I walked back and sat back down, holding the birdarang up, which she reached for.

“Careful, these things are ridiculously frickin’ sharp.” I warned her, pulling the birdarang away. I then put it down on the counter and removed my gloves. “Put those on and you won’t lose a finger.” The gloves despite being extremely thin were made of a special cut resistant material.

She put them on, took the birdarang and looked at it thoughtfully.

“Can I try something?”

Don’t throw it.”

“Don’t worry about that.” She took an orange form a presentation bowl and sliced it in half, the birdarang cutting through it effortlessly like a knife through butter.

“Jesus, that’s sharp.” She muttered, eyes wide.

“Told you.”

“Thanks for letting me try. They should make kitchen knives with whatever those are made, it would be awesome.”

“So long as you don’t cut through the counter too.”

She put it back down and gave me the gloves back. I took both them and the birdarang and put them back securely in my room.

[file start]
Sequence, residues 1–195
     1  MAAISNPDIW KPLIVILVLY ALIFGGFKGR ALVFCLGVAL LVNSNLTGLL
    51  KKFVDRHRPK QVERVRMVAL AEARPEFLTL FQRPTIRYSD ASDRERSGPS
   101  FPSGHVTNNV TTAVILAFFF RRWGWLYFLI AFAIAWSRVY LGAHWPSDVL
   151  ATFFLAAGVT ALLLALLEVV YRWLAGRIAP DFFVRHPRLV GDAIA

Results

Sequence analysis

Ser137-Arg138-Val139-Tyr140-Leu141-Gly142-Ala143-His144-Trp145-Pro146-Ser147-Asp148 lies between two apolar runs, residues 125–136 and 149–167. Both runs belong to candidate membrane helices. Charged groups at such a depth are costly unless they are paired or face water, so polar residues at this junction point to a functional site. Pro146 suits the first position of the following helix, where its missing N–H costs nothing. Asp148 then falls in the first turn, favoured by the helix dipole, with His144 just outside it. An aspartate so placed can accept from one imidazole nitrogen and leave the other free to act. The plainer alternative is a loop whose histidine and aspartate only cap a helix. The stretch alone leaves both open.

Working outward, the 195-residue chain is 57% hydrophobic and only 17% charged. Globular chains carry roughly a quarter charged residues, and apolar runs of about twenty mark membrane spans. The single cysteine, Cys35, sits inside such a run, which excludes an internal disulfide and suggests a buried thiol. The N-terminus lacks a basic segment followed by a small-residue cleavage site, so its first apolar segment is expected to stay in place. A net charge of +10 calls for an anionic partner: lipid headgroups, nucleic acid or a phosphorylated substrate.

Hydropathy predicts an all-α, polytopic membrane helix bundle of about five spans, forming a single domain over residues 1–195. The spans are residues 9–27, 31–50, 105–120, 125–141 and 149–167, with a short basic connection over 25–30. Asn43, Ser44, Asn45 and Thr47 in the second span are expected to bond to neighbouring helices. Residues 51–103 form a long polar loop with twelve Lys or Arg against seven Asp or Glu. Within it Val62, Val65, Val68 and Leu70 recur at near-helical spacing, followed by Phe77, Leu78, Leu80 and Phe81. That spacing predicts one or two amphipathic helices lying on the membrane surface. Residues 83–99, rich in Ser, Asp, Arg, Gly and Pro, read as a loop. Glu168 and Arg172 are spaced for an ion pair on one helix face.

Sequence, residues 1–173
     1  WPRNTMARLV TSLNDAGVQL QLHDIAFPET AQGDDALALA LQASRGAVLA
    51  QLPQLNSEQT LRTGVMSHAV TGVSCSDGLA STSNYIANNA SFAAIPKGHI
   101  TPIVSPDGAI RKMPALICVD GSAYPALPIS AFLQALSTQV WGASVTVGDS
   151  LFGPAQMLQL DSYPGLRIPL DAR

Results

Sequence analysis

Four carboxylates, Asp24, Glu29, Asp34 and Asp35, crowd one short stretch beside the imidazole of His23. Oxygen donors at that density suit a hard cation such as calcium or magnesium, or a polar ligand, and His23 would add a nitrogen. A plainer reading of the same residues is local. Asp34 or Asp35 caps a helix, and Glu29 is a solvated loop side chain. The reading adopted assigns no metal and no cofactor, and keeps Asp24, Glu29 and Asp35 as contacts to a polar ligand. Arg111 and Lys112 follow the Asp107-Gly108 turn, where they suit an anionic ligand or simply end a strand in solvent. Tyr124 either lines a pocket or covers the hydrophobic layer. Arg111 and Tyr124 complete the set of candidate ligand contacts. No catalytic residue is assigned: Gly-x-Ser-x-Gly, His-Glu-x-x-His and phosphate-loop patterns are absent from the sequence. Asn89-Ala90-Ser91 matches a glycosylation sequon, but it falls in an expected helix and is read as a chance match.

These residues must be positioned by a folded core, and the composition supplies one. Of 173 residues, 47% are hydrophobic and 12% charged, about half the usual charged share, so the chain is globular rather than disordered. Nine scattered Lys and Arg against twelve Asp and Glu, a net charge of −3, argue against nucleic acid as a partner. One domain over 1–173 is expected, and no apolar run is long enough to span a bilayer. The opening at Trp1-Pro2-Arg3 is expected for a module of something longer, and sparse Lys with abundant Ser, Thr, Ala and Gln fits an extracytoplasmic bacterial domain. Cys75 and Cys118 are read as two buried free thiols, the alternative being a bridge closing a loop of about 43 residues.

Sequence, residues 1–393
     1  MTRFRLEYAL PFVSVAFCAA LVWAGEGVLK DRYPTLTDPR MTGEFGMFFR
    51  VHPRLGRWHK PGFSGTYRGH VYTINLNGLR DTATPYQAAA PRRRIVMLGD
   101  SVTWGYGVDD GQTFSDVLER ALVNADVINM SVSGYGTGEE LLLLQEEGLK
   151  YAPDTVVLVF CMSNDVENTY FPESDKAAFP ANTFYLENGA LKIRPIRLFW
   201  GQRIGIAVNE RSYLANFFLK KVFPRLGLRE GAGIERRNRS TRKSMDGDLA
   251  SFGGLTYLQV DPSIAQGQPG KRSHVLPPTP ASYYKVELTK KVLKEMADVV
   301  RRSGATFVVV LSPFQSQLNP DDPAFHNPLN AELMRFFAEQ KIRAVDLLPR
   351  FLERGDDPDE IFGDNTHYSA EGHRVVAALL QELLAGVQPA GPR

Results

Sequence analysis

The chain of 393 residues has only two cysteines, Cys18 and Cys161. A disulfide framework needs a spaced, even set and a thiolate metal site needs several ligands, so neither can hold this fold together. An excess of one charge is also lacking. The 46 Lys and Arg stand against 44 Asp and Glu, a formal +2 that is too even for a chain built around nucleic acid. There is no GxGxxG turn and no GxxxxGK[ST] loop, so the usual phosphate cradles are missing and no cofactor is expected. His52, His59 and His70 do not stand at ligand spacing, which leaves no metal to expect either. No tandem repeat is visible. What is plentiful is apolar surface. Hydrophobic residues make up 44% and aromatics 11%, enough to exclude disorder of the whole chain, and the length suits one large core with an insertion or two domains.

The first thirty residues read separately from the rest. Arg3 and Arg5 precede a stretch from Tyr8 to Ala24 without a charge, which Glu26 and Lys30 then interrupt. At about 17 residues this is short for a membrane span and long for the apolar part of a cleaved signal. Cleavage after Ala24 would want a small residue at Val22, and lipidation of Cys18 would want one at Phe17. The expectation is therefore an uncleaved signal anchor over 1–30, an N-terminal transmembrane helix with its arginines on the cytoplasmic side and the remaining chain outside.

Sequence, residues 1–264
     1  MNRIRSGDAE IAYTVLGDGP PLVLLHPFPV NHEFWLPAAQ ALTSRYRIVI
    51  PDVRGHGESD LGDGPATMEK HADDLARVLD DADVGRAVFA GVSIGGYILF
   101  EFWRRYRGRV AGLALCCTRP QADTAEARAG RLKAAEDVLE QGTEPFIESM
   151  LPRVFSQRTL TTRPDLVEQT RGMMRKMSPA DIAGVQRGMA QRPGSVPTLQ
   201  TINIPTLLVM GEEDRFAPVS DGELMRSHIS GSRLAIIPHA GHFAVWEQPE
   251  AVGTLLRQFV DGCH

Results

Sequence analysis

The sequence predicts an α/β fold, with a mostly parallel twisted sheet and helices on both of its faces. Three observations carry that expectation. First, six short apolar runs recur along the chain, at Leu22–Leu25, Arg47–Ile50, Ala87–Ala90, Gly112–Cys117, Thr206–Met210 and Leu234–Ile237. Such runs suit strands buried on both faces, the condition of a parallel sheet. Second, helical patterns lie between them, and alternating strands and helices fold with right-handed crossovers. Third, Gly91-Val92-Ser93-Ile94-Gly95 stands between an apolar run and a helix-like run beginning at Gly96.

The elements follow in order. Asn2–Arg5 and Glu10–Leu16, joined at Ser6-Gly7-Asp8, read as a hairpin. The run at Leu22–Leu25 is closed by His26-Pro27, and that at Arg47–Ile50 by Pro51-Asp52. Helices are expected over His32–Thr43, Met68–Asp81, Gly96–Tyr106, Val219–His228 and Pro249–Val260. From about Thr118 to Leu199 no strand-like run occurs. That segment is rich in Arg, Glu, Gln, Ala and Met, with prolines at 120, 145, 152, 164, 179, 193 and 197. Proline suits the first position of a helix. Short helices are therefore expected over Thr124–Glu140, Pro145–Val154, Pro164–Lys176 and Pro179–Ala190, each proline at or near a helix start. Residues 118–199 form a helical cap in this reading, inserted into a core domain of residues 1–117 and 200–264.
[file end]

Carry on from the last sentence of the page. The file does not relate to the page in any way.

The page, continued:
I came back to the kitchen just as Amber walked in and dragged her feet to the counter. She was dressed in all black, but not in a gothic kind of way. She slouched down on it and Caroline poured a coffee for her using her power to move the liquid to her cup. She however declined breakfast.

Ahti was the next to come out, dressed in traditional Itharii clothes; a sleeveless hooded jacket, loose pants and long hand warmers. They walked to the counter but seemed to struggle with the height of the bar stools, it took them a few tries before they hoisted themselves to sit on it. I didn’t envy them; being a tiny alien in a world made for much taller humans had to be annoying.